White House ‘Salutes’ WWII Veterans Who Survived Spanish Flu, Great Depression, and Coronavirus

World War II Navy veteran Bill Kelly and Army veteran William Lapschies.
Defense.gov

The White House “saluted” two Oregon World War II veterans who collectively survived the Spanish Flu, the Great Depression, and now the coronavirus in a stunning feat that can give us all hope.

Bill Kelly, 95, and William Lapschies, 104, got the virus and have since recovered — an amazing feat given that people their age are more likely to suffer complications from the virus, sometimes even fatal ones.

Kelly lives with his five-year-old and 11-month-old great-grandsons, his granddaughter Rose Ayers-Etherington, and her husband, Isaac, in McMinnville, Oregon. The 95-year-old complained of having a low-grade fever in mid-March and tested positive for the coronavirus on St. Patrick’s Day.

During World War II, he spent two years with the Navy in the South Pacific. The war ended while he was stationed in Guam, so he was discharged soon after. Kelly says those experiences during wartime helped him get through his current bout of isolation with the coronavirus.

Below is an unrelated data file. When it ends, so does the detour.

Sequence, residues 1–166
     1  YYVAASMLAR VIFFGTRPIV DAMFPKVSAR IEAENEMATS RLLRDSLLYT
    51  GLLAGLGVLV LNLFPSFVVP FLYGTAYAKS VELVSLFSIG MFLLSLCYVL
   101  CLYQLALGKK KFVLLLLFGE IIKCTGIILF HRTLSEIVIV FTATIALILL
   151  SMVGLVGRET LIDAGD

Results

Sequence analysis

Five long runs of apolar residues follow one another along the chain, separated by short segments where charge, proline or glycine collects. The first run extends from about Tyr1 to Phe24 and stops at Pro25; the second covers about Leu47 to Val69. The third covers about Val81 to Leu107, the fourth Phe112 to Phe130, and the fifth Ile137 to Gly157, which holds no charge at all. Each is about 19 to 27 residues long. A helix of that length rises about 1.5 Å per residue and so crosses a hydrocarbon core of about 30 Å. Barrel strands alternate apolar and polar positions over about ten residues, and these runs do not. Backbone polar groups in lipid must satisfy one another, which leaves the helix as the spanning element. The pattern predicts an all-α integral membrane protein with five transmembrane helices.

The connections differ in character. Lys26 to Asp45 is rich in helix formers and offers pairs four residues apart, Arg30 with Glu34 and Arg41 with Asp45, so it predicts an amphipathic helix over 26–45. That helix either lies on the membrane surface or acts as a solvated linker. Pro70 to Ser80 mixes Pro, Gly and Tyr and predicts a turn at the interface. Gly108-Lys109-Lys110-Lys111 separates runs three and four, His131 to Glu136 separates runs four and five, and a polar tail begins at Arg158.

”We learned quite a bit of discipline there, so, yes, it helped a lot. I had plenty of time to rest, which I needed,” he said. ”I was in my little room here, and my two little great-grandsons were outside it playing. I could hear them, and that helped a lot.”

Lapschies was two years old when the Spanish Flu hit the U.S., and while he did not catch the flu himself, the illness killed at least 50 million people around the world, including 675,000 Americans. Twenty-five years later, Lapschies was drafted into the Army close to the end of World War II.

Jamie Yutzie, his granddaughter, said he does not often talk about his service, but did mention he worked as a heavy equipment dispatcher in the Aleutian Islands off the Alaskan coast. Lapschies went back to being an ordinary citizen once the war was over.

After having two daughters, eight grandchildren, and many more great-grandchildren, the 103-year-old became a resident of the Edward C. Allworth Veterans’ Home in Lebanon, Oregon, as of 2019. As of Sunday, 18 residents have tested positive for coronavirus at his facility, where there are about 140 residents.

Local officials say three people have died from the virus, but 13 people, including Lapschies, survived. Doctors said his symptoms were mild, and he never developed any respiratory issues.

By April 1, his 104th birthday, doctors declared him free of the coronavirus.

”I finally made it,” the 104-year-old said during his birthday party.

Both veterans received messages of support from the White House after learning of their amazing recoveries.

“America salutes you!” the White House tweeted.

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